| Venus Williams has been diagnosed with Sjogren's Syndrome which drains sufferers of their energy [GALLO/GETTY]
The US Open witnessed a major shock without a ball being struck in anger on Wednesday when Venus Williams quit the tournament after revealing she was suffering from an illness that could threaten her tennis future.
After a buildup to the last grand slam of the year in which the event was threatened by an earthquake then a hurricane, the American's revelation was perhaps the most earth-shattering news of the week.
The two-time champion told officials of her withdrawal from the tournament less than an hour before she was due to face Germany's Sabine Lisicki in the second round.
Then she dropped the bombshell, revealing for the first time exactly what had kept her recent playing time down to a bare minimum.
"I have recently been diagnosed with Sjogren's Syndrome," she said in a statement.
"(I) wish I could continue but right now I am unable to."
"I do know one thing. I'm very concerned, because if Venus isn't playing at the US Open, it's got to be something"
The disease drains victims of their energy and causes joint pain. For a professional tennis player, that spells trouble but Williams said she had no thoughts of retiring.
"I am thankful I finally have a diagnosis and am now focused on getting better and returning to the court soon," she said.
At 31, speculation about her future in the sport is sure to intensify but fellow American Andy Roddick, who has been friends with the Williams sisters since they were children, said her health was the most important issue.
"I do know one thing. I'm very concerned, because if Venus isn't playing at the US Open, it's got to be something," he said.
Williams was not the only high-profile casualty at Flushing Meadows on Wednesday but her illness did overshadow most of the on-court action.
Andy Murray, Britain's perennial major hope, made a bright start to his campaign while Argentina's Juan Martin Del Potro enjoyed a successful return to Flushing Meadows two years after his stunning title success.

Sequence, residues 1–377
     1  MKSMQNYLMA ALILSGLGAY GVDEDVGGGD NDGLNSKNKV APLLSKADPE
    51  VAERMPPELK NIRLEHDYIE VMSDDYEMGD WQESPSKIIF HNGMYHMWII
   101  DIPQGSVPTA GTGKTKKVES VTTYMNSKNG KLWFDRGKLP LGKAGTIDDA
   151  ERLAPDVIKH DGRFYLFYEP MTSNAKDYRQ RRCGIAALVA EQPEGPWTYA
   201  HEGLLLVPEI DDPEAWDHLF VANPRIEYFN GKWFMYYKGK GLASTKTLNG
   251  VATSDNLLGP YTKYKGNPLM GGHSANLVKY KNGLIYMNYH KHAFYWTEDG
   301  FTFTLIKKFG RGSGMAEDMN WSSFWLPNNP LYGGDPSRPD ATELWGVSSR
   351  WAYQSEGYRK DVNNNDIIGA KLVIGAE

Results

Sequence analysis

However, three seeded women made early exits at the hands of lower-ranked players.
Marion Bartoli, Dominika Cibulkova and Yanina Wickmayer all departed while the only male seed to lose was Nicolas Almagro of Spain, although sixth seed Robin Soderling pulled out because of injury.
The Swede had been regarded as one of the few players able to challenge the big four of Roger Federer, Rafa Nadal, Novak Djokovic and Murray, but threw in the towel before his first round match.
Murray launched his campaign with a 7-6 6-2 6-3 victory over Somdev Devvarman of India. The Scotsman played below his best but still had plenty in reserve.
"It's all about just winning," Murray said.
"That's all that matters at the end of the day."
Del Potro upset Federer to win the men's title two years ago but was unable to defend it because of a wrist injury that sidelined him for nearly nine months.
He finally returned to the scene of his greatest triumph and the towering Argentine was in a hurry to make up for lost time, crushing Italy's Filippo Volandri 6-3 6-1 6-1.
"It's my favorite tournament," Del Potro said.
| Brit Murray cruises into the next round after beating Devvarman of India [GALLO/GETTY]
"I'm really happy to get the opportunity to play here again."
The women's draw, already depleted by the absence of Kim Clijsters and the early defeats of Petra Kvitova and Li Na, lost Bartoli to American Christina McHale and Cilbulkova to Irina Falconi, another American, giving rise to hope that the US may eventually find a successor to the Williams sisters.
Russia's Vera Zvonareva, last year's runner-up, was never in any real danger of joining the casualty list even though the second seed had a tough workout against Ukraine's Kateryna Bondarenko before triumphing 7-5 3-6 6-3.
Third seed Maria Sharapova concluded the day with a late night 6-1 6-1 romp past Anastasiya Yakimova of Belarus in a match that started in August and finished in September because it trickled past midnight.
"A big part of our sport is adjusting to whatever comes our way, whether it's the time of a match or opponents or conditions on the court," Sharapova said.
"It's one of the toughest things in our sport: sometimes you never know exactly what you're going to get."